/ 15 April 2008

Erasmus commission faces three new interdicts

The Erasmus commission is facing three new urgent interdicts to put its activities in Cape Town on hold, prompting commission chairperson Judge Nathan Erasmus to adjourn proceedings on Tuesday afternoon.

The interdicts are expected to be heard in the Cape High Court on Wednesday morning.

The commission was set up by Western Cape Premier Ebrahim Rasool last year to probe the city’s own investigation of councillor Badih Chaaban. Rasool has since added a probe of Chaaban himself, and of the Democratic Alliance-controlled George town council, to its brief.

Returning from the lunch break on Tuesday, commission chairperson Judge Nathan Erasmus said that in view of these developments, it was only fair to stand the hearings down until ”at least 11am” on Wednesday morning to ”see what happens” with the interdicts.

The commission finally started hearing evidence from its first witness on Tuesday morning — Lesley Swiegelaar, head of the Cape Town metro police detective service.

Erasmus said there was ”more than a likelihood” that the commission would not hear further evidence on Wednesday.

The commission had yet to read the documents and therefore had not yet considered its own stance on the three applications. ”We stand adjourned until 11 o’clock tomorrow morning or until further notice,” he said.

The interdicts are being brought by mayor Helen Zille, representing the city; city manager Achmat Ebrahim; and the Democratic Alliance.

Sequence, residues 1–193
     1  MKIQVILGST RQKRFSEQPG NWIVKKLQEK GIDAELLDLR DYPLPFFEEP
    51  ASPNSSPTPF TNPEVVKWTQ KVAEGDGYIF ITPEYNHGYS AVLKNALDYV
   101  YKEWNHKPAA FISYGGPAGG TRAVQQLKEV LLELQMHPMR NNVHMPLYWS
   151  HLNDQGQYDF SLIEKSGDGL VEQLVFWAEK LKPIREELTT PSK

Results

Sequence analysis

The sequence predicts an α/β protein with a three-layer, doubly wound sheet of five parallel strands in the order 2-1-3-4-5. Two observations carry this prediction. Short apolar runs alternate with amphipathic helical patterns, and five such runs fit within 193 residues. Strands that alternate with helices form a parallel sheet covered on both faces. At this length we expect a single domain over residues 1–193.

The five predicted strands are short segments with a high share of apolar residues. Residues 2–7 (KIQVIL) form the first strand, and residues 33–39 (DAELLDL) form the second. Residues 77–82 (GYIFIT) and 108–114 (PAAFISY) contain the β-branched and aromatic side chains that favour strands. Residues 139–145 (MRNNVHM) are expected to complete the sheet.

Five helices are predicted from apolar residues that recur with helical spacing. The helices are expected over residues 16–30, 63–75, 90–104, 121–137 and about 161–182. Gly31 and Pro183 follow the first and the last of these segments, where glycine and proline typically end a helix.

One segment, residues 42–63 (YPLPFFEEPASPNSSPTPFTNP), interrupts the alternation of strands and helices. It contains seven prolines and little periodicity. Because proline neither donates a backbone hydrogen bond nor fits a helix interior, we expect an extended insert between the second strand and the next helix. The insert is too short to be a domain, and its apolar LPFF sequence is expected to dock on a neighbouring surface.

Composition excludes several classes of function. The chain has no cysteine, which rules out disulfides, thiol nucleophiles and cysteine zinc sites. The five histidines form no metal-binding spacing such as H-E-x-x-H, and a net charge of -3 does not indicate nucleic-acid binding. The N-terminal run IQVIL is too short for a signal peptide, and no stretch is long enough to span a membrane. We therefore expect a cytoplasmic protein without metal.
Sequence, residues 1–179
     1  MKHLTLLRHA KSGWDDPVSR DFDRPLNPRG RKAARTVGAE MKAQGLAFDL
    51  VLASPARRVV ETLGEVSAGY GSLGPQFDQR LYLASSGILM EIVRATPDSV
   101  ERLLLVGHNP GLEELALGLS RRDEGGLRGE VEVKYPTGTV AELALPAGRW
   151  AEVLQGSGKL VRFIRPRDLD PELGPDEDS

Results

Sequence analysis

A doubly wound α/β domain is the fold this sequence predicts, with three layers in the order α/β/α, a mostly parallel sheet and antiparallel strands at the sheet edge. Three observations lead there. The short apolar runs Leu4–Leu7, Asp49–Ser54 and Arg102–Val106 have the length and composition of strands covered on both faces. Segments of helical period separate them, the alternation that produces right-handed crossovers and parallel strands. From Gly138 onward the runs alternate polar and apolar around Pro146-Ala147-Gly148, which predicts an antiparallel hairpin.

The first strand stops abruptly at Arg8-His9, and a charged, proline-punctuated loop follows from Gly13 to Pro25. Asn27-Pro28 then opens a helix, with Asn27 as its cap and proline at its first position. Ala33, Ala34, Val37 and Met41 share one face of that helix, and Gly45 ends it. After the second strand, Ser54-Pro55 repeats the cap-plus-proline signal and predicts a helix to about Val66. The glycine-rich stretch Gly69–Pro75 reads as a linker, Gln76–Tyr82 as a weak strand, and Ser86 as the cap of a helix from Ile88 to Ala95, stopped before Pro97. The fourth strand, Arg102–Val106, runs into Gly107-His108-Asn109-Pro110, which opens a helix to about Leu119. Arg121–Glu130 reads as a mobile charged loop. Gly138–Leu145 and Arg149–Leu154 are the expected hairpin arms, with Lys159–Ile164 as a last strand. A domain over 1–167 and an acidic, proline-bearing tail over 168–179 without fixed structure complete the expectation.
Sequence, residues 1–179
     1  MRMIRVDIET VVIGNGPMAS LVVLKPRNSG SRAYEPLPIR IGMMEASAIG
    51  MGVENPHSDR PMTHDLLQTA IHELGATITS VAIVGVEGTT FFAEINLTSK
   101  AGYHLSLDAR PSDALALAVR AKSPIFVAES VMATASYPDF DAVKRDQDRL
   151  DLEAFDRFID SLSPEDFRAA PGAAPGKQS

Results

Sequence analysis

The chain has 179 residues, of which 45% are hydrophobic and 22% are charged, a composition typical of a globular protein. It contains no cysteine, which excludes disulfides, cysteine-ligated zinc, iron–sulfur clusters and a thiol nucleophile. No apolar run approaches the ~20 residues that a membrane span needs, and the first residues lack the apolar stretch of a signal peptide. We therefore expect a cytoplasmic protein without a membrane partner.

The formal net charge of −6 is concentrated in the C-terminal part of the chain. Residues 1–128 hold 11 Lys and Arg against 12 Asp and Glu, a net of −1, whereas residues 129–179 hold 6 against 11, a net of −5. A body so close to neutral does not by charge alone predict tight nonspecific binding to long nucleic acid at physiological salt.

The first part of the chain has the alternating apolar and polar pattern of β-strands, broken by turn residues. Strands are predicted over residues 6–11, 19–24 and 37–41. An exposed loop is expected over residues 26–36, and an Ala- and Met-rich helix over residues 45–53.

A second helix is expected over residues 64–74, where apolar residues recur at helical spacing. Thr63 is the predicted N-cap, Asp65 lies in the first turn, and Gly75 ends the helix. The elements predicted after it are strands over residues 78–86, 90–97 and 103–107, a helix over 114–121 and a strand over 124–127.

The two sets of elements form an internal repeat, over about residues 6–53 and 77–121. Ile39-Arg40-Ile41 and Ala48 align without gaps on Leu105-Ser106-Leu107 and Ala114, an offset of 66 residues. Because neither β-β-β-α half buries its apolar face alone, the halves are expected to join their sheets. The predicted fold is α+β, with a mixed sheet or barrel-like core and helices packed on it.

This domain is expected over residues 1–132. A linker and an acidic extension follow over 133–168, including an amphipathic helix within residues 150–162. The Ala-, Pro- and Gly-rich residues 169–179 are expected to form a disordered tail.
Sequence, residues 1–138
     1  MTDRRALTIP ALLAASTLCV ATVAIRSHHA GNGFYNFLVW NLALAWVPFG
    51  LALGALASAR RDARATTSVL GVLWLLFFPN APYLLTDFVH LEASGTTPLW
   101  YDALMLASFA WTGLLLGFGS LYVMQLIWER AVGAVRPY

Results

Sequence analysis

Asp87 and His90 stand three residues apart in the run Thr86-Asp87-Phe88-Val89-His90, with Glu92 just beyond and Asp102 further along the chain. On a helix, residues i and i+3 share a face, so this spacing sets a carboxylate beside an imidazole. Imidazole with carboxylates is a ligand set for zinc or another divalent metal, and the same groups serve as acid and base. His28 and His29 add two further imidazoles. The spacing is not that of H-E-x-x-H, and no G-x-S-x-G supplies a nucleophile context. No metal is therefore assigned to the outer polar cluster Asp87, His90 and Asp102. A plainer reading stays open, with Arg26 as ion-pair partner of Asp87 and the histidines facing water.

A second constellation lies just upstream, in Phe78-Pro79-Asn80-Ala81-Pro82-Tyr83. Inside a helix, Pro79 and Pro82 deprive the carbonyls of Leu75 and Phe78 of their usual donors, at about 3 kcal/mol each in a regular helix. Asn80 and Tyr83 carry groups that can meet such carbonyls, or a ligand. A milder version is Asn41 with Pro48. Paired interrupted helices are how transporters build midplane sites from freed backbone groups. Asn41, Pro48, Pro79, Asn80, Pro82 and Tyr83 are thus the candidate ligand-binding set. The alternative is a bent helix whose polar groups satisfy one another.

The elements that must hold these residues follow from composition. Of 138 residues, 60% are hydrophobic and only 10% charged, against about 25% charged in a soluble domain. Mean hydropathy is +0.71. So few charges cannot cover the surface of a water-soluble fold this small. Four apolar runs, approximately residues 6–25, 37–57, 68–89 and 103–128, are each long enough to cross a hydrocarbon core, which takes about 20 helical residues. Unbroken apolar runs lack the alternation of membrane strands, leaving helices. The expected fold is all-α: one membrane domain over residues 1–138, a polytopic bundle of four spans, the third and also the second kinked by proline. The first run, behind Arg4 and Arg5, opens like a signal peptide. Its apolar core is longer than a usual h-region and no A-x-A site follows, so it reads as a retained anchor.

Application dismissed

Earlier on Tuesday, the commission had dismissed yet another application to put its proceedings on hold. The application was moved by Ron Paschke, junior counsel for Cape Town city manager Ebrahim, and certain city officials.

Paschke and his instructing attorney, Achmat Toefy, entered the court room while commission evidence leader Frans Petersen was questioning Swiegelaar.

Swiegelaar then stood down while Paschke moved his application for the commission to suspend its business until noon on Wednesday.

Paschke said his senior counsel, Ismael Jamie, was not available until May 5, and, because of the short notice period given for the hearings, he was not adequately prepared either. He said he could not attend the proceedings and prepare at the same time, and the prejudice of this had to be considered.

Erasmus adjourned the commission for about 20 minutes, before ruling that no prejudice was being suffered in the way the commission was proceeding. The evidence of all witnesses with a potential bearing on Paschke’s clients had been postponed until after Jamie’s return to proceedings on May 5.

Other counsel had also raised similar concerns about inadequate preparation and the matter would be dealt with as it arose, Erasmus said. Paschke’s application was therefore dismissed.

On Monday, Erasmus had dismissed three applications aimed at halting the commission’s business. One of these — brought by the city — aimed to suspend the commission pending the main application in the Cape High Court challenging the commission’s legality.